Misogyny and sexism - I am not going to sugarcoat it, because it is important to note. Early on in my career comments were made on the way I look, I was told to make the tea and asked out on dates by married men!

And sadly, even recent events has really made me question progress! There was one guy who couldn't look at my face, too busy staring at my chest and there was a chap who struggled to take direction from me as a female Line Manager - with comments made to me about staying in my box.

Those early days, I changed the way I dressed, wearing blacks, greys and muted colours. I only wore trousers. I also changed my behaviour and language so I could be one of the boys. This actually really impacted my own identity. I had do a lot of work on myself, to now be this vibrant, colourful and authentic woman, that I am. And proud to be!

Yes, this story, will sound familiar, because I am not the only one.

I don't have the answers on how we can change it and I do think it is changing. A theory I have is that we should start raising future leaders and arming them with knowledge, training, and give a real focus on DE&I.

"Working in tech doesn't mean you have to be technical such as a Coder or an Analyst. Tech careers are crying out for those power skills such as communication, leadership and collaboration."

What you wish you knew before getting started in tech...

You'll make business impacting decisions, that not everyone is going to agree with you on. But ultimately your guidance, fix or decision will play a part in the brand, reputation and service of that business. So learn a way to be resilient, to stand your ground and trust in your knowledge.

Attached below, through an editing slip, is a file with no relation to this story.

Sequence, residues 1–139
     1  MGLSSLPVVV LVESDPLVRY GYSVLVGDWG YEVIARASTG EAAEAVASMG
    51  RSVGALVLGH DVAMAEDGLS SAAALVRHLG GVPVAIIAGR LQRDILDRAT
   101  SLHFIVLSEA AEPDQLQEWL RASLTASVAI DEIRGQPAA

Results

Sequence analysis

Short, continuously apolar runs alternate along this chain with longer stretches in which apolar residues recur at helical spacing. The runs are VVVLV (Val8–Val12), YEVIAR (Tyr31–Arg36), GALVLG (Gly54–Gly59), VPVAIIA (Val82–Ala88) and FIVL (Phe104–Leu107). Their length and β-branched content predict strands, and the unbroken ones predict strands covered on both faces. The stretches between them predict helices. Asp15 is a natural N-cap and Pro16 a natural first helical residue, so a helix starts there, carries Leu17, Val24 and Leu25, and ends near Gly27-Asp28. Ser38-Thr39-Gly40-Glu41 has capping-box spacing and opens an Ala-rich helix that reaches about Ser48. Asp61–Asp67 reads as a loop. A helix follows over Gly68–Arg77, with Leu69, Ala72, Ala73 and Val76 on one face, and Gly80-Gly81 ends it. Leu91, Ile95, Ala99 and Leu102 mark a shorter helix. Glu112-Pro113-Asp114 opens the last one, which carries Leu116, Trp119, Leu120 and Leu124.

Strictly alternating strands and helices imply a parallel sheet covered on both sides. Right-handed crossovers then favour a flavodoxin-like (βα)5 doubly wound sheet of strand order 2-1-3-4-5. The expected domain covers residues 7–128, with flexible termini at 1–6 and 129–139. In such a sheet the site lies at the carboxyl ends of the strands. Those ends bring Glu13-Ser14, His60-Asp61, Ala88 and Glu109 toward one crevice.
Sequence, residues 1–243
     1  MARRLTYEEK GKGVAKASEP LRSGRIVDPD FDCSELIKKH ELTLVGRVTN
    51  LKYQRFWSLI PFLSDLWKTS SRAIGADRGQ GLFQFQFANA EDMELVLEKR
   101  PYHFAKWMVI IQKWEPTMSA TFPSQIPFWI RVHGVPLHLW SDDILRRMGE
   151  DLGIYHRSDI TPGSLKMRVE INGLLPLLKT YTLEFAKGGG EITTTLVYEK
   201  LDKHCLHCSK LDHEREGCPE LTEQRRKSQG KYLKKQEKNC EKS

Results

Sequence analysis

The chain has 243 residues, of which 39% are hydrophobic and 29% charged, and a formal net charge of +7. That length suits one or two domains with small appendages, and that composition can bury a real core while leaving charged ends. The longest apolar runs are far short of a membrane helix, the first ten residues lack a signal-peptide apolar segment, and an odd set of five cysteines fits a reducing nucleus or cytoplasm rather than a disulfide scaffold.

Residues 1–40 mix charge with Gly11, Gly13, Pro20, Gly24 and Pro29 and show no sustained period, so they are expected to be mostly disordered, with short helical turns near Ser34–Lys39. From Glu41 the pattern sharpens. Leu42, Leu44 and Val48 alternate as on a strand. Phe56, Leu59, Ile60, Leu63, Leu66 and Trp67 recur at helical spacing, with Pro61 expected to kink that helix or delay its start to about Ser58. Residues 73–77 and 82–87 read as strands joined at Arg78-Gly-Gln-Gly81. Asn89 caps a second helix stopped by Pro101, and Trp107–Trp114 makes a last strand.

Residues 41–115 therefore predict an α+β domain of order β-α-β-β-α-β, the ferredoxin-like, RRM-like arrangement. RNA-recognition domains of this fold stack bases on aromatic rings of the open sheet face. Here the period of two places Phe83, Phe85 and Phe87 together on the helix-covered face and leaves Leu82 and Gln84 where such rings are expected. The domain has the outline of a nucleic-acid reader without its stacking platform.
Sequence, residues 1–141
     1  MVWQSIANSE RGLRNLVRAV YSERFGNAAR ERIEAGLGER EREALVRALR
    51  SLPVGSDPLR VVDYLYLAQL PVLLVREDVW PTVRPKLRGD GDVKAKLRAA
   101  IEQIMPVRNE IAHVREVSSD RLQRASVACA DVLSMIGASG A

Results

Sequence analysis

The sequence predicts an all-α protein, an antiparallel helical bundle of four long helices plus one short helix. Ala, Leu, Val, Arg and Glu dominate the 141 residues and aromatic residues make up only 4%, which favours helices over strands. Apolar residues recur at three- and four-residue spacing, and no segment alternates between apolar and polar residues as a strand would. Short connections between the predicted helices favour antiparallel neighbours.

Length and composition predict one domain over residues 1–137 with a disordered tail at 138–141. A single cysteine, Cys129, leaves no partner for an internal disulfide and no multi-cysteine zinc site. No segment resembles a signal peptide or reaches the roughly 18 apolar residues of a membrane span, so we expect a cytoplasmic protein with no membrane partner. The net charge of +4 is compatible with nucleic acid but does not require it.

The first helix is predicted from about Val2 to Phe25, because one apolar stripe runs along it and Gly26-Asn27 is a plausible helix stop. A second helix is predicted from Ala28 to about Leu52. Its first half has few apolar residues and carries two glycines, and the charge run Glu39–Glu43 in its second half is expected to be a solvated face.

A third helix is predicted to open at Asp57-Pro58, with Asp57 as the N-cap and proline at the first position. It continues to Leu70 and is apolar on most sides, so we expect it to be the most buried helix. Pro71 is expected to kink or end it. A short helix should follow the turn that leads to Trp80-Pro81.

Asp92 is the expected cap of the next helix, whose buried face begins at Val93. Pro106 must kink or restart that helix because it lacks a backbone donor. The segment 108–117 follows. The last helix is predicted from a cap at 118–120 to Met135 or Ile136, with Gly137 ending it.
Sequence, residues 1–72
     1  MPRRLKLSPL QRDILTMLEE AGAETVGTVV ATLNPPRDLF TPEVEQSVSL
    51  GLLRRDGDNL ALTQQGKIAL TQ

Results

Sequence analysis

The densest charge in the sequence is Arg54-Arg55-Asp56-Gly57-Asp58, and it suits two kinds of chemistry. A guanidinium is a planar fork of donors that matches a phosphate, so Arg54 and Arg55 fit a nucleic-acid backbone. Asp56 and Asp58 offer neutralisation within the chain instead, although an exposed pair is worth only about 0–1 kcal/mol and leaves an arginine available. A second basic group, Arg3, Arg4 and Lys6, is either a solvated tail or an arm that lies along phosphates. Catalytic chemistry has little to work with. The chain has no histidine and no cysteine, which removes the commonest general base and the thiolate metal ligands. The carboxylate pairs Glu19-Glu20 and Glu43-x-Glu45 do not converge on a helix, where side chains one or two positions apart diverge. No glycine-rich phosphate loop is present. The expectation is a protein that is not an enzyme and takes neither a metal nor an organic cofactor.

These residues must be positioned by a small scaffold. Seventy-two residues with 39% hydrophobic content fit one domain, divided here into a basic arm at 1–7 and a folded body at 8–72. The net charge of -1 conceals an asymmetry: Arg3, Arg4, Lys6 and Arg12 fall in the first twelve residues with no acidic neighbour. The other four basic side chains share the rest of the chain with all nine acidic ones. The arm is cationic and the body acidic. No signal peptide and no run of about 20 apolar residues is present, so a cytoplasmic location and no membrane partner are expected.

What has been your biggest 'wow!' moment related to working in tech so far?

I am going to switch it up a little here. My wow moments, are my clients / people I work with. It is their wow moments. When you have guided or coached someone through either a specific problem or puzzle - and you see that lightbulb moment they have. To me this beats any awards and recognition I have received. Making a lasting impact. Seeing change. Seeing growth - that's what make me go 'wow' - go you!

What do you like / not like about working in tech?

Working in tech allows you to think outside the box and often I have had the opportunity to see new technology first hand. I remember years ago seeing the first ever 3D printer and hearing talks on cloud technology! The industry allows you to be curious and creative. On the flip-side the only thing I don't like about working in tech is the hero-culture. There is always a single point of failure holding all the cards, which can make delivering the job a challenge.

"Each day is never the same and each day is also an opportunity to learn something new."

What's been your favourite / most memorable / funniest 'career in tech' moment so far?

Having a career in tech, has meant that I have been able to create and contribute to internal women specific communities.

My most memorable moment, is when I was representing the VMO2s Women Network at a DE&I session with the CEO. I was able to utilise that platform to share the work the community co-creates and challenge both the CEO and his ELT on what they are doing for women in the business.

Alongside this, I was able to utilise my coach training and deliver a number of training session to the 3K members on topics such as personal branding, CVs and even co-hosted a fashion week.

And to wrap up, is there any advice you'd like to give to others interested in a career in tech?

My two-part advice is to be curious and don't put up barriers. Working in tech doesn't mean you have to be technical such as a Coder or an Analyst. Tech careers are crying out for those power skills such as communication, leadership and collaboration.